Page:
The Amsterdam Treasure Room

The Amsterdam Treasure Room used to be the safe of the Nederlandsche Handel-Maatschapij (Dutch Trade Company). Wealthy Amsterdammers gave their most precious possessions for safekeeping here. This safe room is now part of the City of Amsterdam City Archives (Stadsarchief Amsterdam) in The Netherlands. It is located at De Bazel.

The City of Amsterdam City Archives presents treasures from its archives and collections.
The Treasure Room includes historical photos by famous Amsterdam photographers.

Two visitors of the Kwaku Festival at the Bijlmerpark, 1992. Photo by Dorian Kransberg.

The Kwaku Festival has been celebrated at the Bijlmerpark (now called the Mandelapark) every summer as of 1975.
It started out as a Surinamese football tournament, but has since grown into a large multicultural festival.

Mayor Harman Hendrik van de Poll was one of the Amsterdam citizens to invest in slave ship De Watervliet in 1743. The ship first sailed to the west coast of Africa, where it took on 462 enslaved men, women and children. By the time they arrived in Suriname, a Dutch colony on the north eastern coast of South America, 62 had died due to disease, lack of food or maltreatment. For the others, the hardest part was yet to come: life on the plantation. The ship would then travel back to Amsterdam filled with coffee and raw sugar, produced with slave labour.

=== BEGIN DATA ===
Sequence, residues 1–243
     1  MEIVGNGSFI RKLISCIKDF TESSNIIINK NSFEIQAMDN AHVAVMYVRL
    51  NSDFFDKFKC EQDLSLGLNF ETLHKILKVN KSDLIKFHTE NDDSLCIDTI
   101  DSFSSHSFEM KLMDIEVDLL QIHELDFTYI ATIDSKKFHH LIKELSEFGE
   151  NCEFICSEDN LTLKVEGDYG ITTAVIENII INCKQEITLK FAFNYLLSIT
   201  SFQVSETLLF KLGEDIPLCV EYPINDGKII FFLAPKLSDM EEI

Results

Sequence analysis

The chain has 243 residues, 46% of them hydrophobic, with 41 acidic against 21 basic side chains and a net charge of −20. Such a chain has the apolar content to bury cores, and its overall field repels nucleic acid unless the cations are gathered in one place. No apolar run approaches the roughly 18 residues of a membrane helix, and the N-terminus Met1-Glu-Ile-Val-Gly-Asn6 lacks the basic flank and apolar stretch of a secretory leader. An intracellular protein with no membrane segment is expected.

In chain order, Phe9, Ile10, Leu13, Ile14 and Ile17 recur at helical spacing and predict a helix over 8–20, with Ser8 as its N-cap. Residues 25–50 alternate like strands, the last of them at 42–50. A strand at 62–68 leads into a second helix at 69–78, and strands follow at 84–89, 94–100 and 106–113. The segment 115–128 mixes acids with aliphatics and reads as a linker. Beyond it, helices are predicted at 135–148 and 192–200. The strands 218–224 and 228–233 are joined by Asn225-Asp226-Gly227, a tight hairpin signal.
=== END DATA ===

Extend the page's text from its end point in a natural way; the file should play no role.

This journey by De Watervliet was one of at least 323 slave transports that were completed by Amsterdam-based ships throughout the 17th and 18th century. Over 115,000 slaves were transported from Africa to the plantations in the colonies; over 18,000 of them did not survive the journey.

The trip of the slave ship De Watervliet, 1743-1745

8 October 1743: Departure from Amsterdam

22 October 1743: Departure from Texel

25 November 1743: Departure from Duinkerke

8 January 1744: Departure from Plymouth

June 1744: Arrival in Guinea

8 February 1745: Arrival in Suriname

25 June 17:45: Departure from Curaçao

27 August 1745: Arrival in Texel

The Hegt en Sterk plantation in Suriname, around 1750

This coffee plantation was located along the Commewijne river in Suriname. At the centre is the plantation owner’s grand home. On the left are the so-called ‘neegerhuisen’ or ‘negro houses’, the slaves’ quarters.

A collecting pot for molasses and a sugar mould, used in Amsterdam’s sugar manufacturing industry, found during archeological survey, dating back to the 17th or 18th century.

The city’s sugar refineries turned the raw sugar that was shipped from the plantations into molasses and regular sugar. This is how products that had been grown by virtue of slave labour ended up on the kitchen tables of many homes.

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